The Gay Games: 1998

The first week in August 1998 saw the holding of the fifth Gay Games. And, for the first time, the Gay Games was held outside of North America. This time, Amsterdam was its home for one remarkable week, even by the standards of this city.

The first Gay Games was an initiative taken by the late Dr.Tom Waddell, participant in the Olympic Games in Mexico. From the first Games, which attracted 1,300 participants, the scale and popularity has steadily grown. Amsterdam had 14,299 participants and 250,000 spectators – one of the largest sporting and cultural events in the world.

Amsterdam Canal Parade

The day of the official opening of the Games coincided with Amsterdam’s third annual Gay Canal Parade, where carnival floats literally do just that.

Canal Parade - Games Boat

This was the official boat for the Gay Games. The two rainbow towers went up and down, and raised and lowered the yellow flag of the Games. In the background you can see the Amsterdam Opera House – the Stopera. This, and the area around it, became Friendship Village for the week of the Games.

Canal Parade - GayLM Boat

Royal Dutch Airlines – KLM – was a major sponsor of the Gay Games, so what more justification was required for GayLM – the “Legs in the Air Line”. And, of course, there were passing royal visitors…

Canal Parade - Royalty

Ancient and Modern…

Canal Parade - Ancient and Modern

And just to prove that we shouldn’t take anything for granted in August, it rained for part of the time…

Canal Parade - August Weather

Opening Ceremony

The opening ceremony of the Games was held at the Amsterdam ArenA. The entry of the participants (all 14,299 of them!) was both joyful and stirring, every last one of them being cheered and clapped by some 30,000 spectators. What was also striking was the number of countries represented by the participants – from Afghanistan to Zimbabwe. Sobering to realise also that in many of these countries, gays and lesbians are persecuted – up to and including capital punishment.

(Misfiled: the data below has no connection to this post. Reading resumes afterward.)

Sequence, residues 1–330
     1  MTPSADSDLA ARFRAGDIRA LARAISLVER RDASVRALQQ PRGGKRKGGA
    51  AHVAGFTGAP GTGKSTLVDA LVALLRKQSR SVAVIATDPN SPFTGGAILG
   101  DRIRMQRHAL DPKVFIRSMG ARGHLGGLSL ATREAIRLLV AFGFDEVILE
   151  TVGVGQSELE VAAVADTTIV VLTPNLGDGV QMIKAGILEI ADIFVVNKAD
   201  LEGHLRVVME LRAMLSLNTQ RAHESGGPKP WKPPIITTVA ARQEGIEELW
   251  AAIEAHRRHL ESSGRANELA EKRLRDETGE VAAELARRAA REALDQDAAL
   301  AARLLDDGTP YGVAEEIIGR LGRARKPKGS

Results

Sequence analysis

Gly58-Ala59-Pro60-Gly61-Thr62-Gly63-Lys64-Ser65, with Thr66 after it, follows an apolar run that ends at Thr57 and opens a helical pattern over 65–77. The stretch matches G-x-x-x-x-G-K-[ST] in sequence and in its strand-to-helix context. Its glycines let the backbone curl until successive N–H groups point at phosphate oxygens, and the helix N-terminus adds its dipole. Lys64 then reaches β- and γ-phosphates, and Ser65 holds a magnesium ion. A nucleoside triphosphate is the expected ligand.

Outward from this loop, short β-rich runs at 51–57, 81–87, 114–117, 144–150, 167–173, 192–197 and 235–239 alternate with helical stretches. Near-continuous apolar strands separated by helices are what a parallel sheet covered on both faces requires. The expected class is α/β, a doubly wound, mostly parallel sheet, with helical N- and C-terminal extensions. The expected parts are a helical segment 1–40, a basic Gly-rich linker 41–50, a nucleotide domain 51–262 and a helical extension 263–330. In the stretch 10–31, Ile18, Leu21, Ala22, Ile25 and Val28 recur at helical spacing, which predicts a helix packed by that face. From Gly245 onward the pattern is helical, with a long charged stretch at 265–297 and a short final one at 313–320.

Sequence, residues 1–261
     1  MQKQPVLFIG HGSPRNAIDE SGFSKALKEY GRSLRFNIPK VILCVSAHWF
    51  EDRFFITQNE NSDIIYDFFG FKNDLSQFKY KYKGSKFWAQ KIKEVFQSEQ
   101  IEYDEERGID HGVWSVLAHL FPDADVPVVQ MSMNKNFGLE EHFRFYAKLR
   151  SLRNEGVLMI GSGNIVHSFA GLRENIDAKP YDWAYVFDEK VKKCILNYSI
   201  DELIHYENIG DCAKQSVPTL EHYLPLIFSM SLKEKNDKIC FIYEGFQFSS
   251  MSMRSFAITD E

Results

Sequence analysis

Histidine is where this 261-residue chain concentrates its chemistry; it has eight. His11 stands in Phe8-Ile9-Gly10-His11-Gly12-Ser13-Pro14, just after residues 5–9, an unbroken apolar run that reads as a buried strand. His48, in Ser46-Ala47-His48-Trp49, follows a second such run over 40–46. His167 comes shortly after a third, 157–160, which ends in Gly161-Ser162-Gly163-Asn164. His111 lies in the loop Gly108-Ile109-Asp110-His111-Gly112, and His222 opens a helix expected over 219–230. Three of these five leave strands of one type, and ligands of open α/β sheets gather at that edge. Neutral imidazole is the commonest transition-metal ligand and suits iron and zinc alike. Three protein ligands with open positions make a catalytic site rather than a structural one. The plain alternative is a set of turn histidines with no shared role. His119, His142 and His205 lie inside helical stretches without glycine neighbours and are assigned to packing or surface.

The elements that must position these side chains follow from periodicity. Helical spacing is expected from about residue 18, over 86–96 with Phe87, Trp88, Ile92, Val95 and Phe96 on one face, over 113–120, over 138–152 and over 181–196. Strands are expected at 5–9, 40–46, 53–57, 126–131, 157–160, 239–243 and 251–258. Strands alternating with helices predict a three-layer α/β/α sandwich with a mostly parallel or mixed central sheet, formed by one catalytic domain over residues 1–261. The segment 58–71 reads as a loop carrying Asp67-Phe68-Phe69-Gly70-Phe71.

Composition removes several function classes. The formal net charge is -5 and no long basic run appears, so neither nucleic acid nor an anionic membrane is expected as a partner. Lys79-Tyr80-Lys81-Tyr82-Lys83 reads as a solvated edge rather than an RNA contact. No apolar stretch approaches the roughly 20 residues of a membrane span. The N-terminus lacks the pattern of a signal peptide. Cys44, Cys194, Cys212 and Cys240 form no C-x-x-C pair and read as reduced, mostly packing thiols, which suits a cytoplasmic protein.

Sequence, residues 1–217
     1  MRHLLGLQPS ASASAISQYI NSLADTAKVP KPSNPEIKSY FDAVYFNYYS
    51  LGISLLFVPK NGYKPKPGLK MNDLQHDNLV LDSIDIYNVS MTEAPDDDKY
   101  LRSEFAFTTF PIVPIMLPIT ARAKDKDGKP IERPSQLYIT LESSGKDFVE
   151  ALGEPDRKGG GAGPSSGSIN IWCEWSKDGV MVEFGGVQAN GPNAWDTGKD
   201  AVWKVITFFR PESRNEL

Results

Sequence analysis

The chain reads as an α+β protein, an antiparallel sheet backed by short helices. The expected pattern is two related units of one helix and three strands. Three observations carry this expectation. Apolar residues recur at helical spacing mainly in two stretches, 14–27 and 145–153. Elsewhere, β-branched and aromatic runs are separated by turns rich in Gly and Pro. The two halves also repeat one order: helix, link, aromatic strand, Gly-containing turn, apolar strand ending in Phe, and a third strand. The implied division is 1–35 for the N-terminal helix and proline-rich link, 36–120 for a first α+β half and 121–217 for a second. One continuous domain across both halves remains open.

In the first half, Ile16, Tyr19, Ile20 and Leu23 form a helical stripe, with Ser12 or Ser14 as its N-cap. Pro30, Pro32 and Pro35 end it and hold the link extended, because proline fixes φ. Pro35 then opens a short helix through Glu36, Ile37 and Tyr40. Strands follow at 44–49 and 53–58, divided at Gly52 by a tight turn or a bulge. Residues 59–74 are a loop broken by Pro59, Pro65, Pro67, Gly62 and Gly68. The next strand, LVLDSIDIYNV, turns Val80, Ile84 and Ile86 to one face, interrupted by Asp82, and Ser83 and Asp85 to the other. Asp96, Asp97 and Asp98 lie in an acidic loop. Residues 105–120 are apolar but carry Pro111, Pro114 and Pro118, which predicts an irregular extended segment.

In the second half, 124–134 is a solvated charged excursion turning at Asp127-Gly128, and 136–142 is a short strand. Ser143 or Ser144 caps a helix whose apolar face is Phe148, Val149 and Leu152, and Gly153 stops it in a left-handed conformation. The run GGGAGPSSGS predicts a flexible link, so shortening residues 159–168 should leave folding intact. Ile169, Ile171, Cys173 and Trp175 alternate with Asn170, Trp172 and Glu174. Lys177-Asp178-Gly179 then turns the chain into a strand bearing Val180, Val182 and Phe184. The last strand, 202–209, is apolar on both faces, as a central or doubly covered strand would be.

Opening Ceremony

There’s been quite a lot of discussion over why we should have a “Gay Games” – some have said that it is separatism, when we are simultaneously seeking integration with society at large. While I can see some small justification for this view, to my mind it is swept away by the fact that we should celebrate our diversity, particularly in the light of the continuing existence of prejudice and persecution. The positive feelings that the opening ceremony ignited in the hearts and souls of those of us present are sparks that I’m sure we will carry back to our respective communities. As Harvey Fierstein said, to ringing cheers, “We are not different, we are extraordinary!” His speech that night was truly magnificent – reminding us that the journeys that we made by train, boat and plane to get to Amsterdam were short in comparison with the journeys in our souls to reach this place. “We were carried here on the backs of the millions of gays and lesbians that went before us… some of whom paid for the struggle against prejudice with their very lifeblood.”

I was impressed too by the speeches (at both the opening and closing ceremonies) made by Schelto Patijn, the Mayor of Amsterdam at the time. He epitomised the strong support given by the wider community of Amsterdam for this event. He rightly deserved the applause he received on both occasions.

And then there was the music and dancing… The 200 sailors stripping to the Weather Girls “It’s Raining Men”; Dana International, Mathilde Santing (now apparently christened as “the Dutch Diva”).

The Competitions

A friend of ours, Jim Atkinson, was taking part in the weightlifting competition at the Gay Games. On Sunday, 2nd August, I went along to watch some of the competition, and give moral support…

Weightlifting medals

Jim with Chris Morgan on the right. The end result – Silver and Bronze medals! Well done, Jim! You can see the results for all the sports at the Gay Games web site here.


The participants once again marched into the ArenA, this time with their medals and memories…

Closing Ceremony

The Scottish contingent proving that traditionally, nothing is worn beneath a kilt (it is all in perfect working order)…

Scottish Contingent

Closing Thanks

You can visit the official Gay Games Federation web site by clicking here.

About Geoff Coupe

I'm a British citizen, although I have lived and worked in the Netherlands since 1983. I came here on a three year assignment, but fell in love with the country, and one Dutchman in particular, and so have stayed here ever since. On the 13th December 2006 I also became a Dutch citizen.
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